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JSK names international journalism fellows for 2024-2025

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Headshots of the 2025 International Fellows

The John S. Knight Journalism Fellowships will welcome six journalism leaders from Africa, Asia, Europe and Latin America to Stanford University to be part of the JSK Class of 2024-25.

Beginning in September, these JSK Fellows will pursue a range of innovative ideas to improve journalism in a world where journalists and independent media are facing increasing challenges from authoritarian regimes, polarization, misinformation and financial pressures to sustainability.

“The urgent issues facing journalists around the globe are multiplying,” said Dawn Garcia, JSK Fellowships director. “We believe that with the support and attention of the JSK Fellowships and Stanford, this group of talented international journalists can be further empowered as leaders, to work toward solutions for their countries, and can serve as inspiration and models for others.” 

The next JSK Fellowships class will include journalists from Colombia, Germany, India, Malaysia, Malawi and Russia. Early next month, JSK will announce the U.S. fellows who will be joining them in the next fellowship cohort. The fellowship program has hosted journalists from more than 80 countries over more than 5 decades at Stanford. This class will include the first JSK fellows from Malaysia and Malawi.

Before coming to Stanford, these journalists have done pioneering – and often brave – work to improve journalism in their countries and provide access to news and information people need to create and sustain robust democratic communities. 

One is a journalist from Malawi, under pressure for uncovering corruption, who launched an investigative journalism center to hold the powerful accountable and to train a new generation of local journalists. Another founded two independent news startups that have positively contributed to the media ecosystem in Malaysia. One has led a pioneering project to better serve the news needs of the growing Turkish-speaking population in Germany, a country where at least one in five people are immigrants. 

A journalist from Colombia who is joining the class has built an award-winning, participatory journalism organization that could be a model for others in an increasingly polarized world. Another new fellow is an accomplished investigative journalist from Russia who is working in exile because the government declared his news organization “undesirable” and its staff “foreign agents,” which banned them from working inside their country. And yet another hosts one of the most popular video programs in India at an independent news site, devoted to the issues of people living on the margins of Indian democracy who are largely ignored by the big media.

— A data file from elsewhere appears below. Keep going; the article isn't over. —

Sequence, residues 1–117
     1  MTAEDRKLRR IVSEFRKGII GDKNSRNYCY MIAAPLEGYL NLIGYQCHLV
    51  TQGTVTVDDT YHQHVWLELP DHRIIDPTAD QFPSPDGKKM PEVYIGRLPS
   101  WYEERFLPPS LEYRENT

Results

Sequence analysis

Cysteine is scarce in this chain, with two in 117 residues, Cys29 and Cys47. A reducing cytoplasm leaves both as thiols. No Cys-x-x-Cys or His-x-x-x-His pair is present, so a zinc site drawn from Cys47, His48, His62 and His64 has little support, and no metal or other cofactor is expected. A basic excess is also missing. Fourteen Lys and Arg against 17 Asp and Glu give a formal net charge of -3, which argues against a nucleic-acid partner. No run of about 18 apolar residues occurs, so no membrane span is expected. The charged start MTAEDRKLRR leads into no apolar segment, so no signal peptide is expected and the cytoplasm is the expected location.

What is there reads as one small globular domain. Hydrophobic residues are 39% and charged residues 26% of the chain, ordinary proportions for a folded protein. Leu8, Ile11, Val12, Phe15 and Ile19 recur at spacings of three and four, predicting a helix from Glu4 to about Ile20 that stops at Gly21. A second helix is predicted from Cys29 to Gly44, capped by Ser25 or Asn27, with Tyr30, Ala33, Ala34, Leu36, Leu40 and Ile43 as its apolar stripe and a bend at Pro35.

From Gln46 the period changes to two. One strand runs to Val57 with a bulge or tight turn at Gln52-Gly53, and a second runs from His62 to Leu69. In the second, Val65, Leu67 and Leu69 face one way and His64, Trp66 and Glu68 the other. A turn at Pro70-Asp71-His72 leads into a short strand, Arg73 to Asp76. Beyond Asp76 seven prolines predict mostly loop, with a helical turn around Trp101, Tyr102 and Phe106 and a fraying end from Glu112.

Throughout their nine months at Stanford, the fellows will connect with Stanford resources and experts, participate in tailored workshops, individual coaching and peer-to-peer learning to grow as leaders and become more effective change agents.  

“We are eager to bring these terrific journalists to Stanford and have them make use of the vast resources available at one of the world’s top universities. Their work could not be more urgent or needed.”

Dawn Garcia, JSK director

These six international fellows will join a thriving JSK community. More than 1,000 people from around the world have participated in journalism fellowships at Stanford since the program began in 1966.

International fellows, JSK Class of 2024-2025

Gregory Gondwe headshot
Gregory Gondwe – Blantyre, Malawi
managing and editorial director
Platform for Investigative Journalism
Lyle and Corrine Nelson International Fellow

Gregory Gondwe is the founder, editor and managing director of the Platform for Investigative Journalism (PIJ) in Malawi. Gondwe’s journalism career began in 1993, coinciding with Malawi’s pivotal transition from a single-party state to a multi-party democracy. His dedication to exposing corruption has prompted harassment from authorities. In 2022, police detained him for several hours and confiscated his electronic devices after PIJ published an investigation of the attorney general. And earlier this year, Gondwe went into hiding temporarily after receiving a tip that authorities planned to arrest him over his reporting alleging financial improprieties by the military. Gondwe is also a media trainer, part-time lecturer at the University of Malawi and a freelance correspondent for the Associated Press and other international news outlets. JSK welcomes Gondwe as a Lyle and Corrine Nelson International Fellow.